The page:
Swine flu Piglet pandemic only a fraction as lethal as seasonal flu

September 02, 2009  ·  Michael Fumento  ·  The Independent Journalism Project  ·  Swine flu

College campus cases are the lowest in a month.

A quick look at the calendar indicates you’re not supposed to be looking at calendars. You’re supposed to be dead. Well, a lot of us anyway.

Just eight weeks ago headlines screamed: “Swine Flu May Cause 90,000 U.S. Deaths.” They came from a so-called “plausible scenario” in a report from the President’s Council of Advisors on Science and Technology, which was actually a range of 30,000 to 90,000. And they expected it to peak . . . right now.

Instead, total deaths since Aug. 30 from "Influenza and Pneumonia-Associated" illness are 2,029 reports the Centers for Disease Control and Prevention (CDC) Web site FluView. But only 292 of those have been laboratory-confirmed as flu of any type. (And yes, people die of pneumonia from many causes other than flu.) By comparison, the CDC estimates about 260 Americans die each day from "regular" flu during each season.

The President’s Council is led by Obama’s controversial “science czar” John Holdren, — who co-authored one book advocating U.S. “de-development” and another suggesting compulsory measures to reduce the population. The Council must have known its scenario was bogus (One member, Peter Palese made clear to me it wasn’t approved by unanimous consent). Data from all over the world showed that swine flu is far milder than the seasonal variety. In New York City, it’s been at most a tenth as lethal as seasonal flu.

In southern hemisphere countries such as Australia and New Zealand, where the official flu seasons have ended, there have been fewer flu deaths than normal. And the Swine Flu Count Website shows about as many swine flu deaths worldwide in the last six months as the World Health Organization (WHO) estimates die every six days from seasonal flu. The FluTracker Web site provides a running tally of new worldwide cases and deaths, telling us they are no more frequent than a month ago.

The massive outbreak on college campuses you’ve been hearing about? The American College Health Association’s latest weekly survey at this writing shows a steady decline in cases over the last four weeks. The “explosion” has been imploding.

What we’re seeing is "pandemic panic." FluView reports that only 29 percent of samples from surveillance laboratories are testing positive for swine flu. That means that fewer than a third of the samples that even doctors (much less scared patients) suspect may show swine flu actually show influenza of any type.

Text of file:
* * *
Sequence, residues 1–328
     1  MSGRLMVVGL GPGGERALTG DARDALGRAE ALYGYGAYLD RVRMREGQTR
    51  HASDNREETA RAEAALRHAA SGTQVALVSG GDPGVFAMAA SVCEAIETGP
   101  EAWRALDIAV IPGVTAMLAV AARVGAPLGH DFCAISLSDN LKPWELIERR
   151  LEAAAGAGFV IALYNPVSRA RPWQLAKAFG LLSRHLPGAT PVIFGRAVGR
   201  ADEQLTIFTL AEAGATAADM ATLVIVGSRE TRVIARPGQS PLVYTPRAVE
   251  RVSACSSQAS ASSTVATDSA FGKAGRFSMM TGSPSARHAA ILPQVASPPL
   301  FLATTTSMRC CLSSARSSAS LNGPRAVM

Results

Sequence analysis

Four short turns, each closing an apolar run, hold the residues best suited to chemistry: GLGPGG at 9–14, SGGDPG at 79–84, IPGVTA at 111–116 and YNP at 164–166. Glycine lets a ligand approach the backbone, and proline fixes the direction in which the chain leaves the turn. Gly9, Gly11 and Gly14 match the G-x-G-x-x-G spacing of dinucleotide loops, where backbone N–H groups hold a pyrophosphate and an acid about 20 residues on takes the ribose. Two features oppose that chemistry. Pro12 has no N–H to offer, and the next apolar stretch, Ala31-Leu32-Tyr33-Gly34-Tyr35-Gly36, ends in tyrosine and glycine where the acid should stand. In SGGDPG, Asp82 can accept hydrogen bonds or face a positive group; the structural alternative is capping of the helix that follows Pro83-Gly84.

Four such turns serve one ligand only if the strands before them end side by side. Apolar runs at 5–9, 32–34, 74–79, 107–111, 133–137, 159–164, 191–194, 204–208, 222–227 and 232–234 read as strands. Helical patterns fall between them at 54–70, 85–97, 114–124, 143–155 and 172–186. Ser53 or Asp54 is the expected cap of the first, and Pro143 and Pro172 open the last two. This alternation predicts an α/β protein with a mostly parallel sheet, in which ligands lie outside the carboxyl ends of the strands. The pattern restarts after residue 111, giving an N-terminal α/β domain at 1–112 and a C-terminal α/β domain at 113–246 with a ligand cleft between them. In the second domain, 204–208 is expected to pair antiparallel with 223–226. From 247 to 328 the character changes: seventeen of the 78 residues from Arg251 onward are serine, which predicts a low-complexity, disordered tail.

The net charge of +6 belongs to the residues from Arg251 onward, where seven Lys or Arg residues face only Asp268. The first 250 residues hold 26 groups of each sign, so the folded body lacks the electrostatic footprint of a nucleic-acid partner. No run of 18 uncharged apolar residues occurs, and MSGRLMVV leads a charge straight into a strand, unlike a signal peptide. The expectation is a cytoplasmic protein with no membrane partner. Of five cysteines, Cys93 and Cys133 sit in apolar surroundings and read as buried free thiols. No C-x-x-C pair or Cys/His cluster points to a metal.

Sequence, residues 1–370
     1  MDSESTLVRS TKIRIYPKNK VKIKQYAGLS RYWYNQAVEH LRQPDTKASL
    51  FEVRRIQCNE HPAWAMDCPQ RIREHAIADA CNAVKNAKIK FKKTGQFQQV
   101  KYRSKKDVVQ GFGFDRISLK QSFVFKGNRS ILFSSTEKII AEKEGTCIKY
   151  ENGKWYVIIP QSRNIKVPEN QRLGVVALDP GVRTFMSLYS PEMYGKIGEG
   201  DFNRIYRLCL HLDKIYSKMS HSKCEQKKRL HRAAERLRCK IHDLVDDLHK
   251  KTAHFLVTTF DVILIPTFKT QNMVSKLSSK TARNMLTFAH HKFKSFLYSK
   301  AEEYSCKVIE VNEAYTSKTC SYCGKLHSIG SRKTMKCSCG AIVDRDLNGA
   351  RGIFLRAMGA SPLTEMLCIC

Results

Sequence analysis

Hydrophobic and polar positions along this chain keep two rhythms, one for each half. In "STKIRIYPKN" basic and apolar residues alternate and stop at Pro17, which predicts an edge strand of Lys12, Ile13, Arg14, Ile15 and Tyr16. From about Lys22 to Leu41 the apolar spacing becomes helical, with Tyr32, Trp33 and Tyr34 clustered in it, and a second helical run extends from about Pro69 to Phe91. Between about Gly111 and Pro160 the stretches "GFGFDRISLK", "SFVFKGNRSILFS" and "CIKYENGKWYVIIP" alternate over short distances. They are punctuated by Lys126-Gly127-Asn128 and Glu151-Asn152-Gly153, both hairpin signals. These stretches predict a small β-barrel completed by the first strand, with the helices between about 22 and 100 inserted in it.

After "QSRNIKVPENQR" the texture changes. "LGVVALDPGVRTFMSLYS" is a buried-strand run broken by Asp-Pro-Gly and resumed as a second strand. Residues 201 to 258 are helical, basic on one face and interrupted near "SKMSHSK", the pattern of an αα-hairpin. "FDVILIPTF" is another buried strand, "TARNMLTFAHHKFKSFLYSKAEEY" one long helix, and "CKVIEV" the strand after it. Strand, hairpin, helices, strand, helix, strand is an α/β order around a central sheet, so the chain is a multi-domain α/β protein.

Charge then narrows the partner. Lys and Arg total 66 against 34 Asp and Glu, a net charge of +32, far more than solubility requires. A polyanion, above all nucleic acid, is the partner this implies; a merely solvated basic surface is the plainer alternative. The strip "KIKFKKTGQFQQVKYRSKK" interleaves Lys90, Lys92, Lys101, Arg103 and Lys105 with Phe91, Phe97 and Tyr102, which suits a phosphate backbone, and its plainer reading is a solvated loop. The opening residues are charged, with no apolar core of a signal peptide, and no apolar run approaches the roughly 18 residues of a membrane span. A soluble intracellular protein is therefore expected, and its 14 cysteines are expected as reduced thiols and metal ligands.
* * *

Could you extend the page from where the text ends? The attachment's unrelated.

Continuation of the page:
The WHO essentially declared a Ford to be a Ferrari, so the media and professionals like the President’s Council have simply assumed Fords can go 200 MPH.

Another indicator of hysteria is that the percentage of visits to emergency rooms and outpatient clinics by people worried they have the flu — and worried enough to seek medical attention — is incredibly high: almost 7 percent of all US emergency visits now.

That’s the most it’s been since 2004 and it’s skyrocketing. Scared people are indeed swamping emergency rooms, and schools are closing. But it’s not flu-driven; it’s fear-driven. The media write articles about panicky people, thereby creating more panicky people. Whoever said there’s no such thing as a perpetual motion machine?

This is a pandemic in name only. When the WHO declared it one in June it was 11 weeks into the outbreak and swine flu had killed only 144 people worldwide. Yet the mildest pandemics of the 20th century killed at least a million people worldwide. How could the agency do it? Simple. It redefined “pandemic” in April, just days before announcing the swine flu outbreak, so that severity is no longer even a consideration.

The President’s Council therefore simply assumed swine flu would behave as a pandemic. Likewise for the media. And if the WHO proclaimed a Ford a Ferrari, would government commissions and the media simply assume Fords could travel 200 miles per hour?

If it served a purpose, presumably yes.

Swine flu does sicken most people who contract it, and yes it can kill. So consider getting a swine flu shot as well as the seasonal flu one even if you’re in overall good health. And do get one if you have chronic health problems. But just because somebody issues a proclamation, don’t believe that Piglet has become a raging razorback.